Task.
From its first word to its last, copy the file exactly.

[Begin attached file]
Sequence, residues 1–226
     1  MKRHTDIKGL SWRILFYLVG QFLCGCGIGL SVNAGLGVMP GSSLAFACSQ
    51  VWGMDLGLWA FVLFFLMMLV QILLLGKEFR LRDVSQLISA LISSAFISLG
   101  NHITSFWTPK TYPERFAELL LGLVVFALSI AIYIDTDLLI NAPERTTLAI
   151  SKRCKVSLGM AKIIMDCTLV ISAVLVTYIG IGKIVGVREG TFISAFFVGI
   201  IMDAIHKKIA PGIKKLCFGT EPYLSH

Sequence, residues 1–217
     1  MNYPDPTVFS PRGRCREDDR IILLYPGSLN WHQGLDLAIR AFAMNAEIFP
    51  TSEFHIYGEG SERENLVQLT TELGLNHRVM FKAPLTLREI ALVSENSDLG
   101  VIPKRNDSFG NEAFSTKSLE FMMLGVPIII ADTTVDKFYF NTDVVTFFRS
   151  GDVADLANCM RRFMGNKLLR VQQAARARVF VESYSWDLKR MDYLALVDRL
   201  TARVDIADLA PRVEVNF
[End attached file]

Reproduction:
Sequence, residues 1–226
     1  MKRHTDIKGL SWRILFYLVG QFLCGCGIGL SVNAGLGVMP GSSLAFACSQ
    51  VWGMDLGLWA FVLFFLMMLV QILLLGKEFR LRDVSQLISA LISSAFISLG
   101  NHITSFWTPK TYPERFAELL LGLVVFALSI AIYIDTDLLI NAPERTTLAI
   151  SKRCKVSLGM AKIIMDCTLV ISAVLVTYIG IGKIVGVREG TFISAFFVGI
   201  IMDAIHKKIA PGIKKLCFGT EPYLSH

Sequence, residues 1–217
     1  MNYPDPTVFS PRGRCREDDR IILLYPGSLN WHQGLDLAIR AFAMNAEIFP
    51  TSEFHIYGEG SERENLVQLT TELGLNHRVM FKAPLTLREI ALVSENSDLG
   101  VIPKRNDSFG NEAFSTKSLE FMMLGVPIII ADTTVDKFYF NTDVVTFFRS
   151  GDVADLANCM RRFMGNKLLR VQQAARARVF VESYSWDLKR MDYLALVDRL
   201  TARVDIADLA PRVEVNF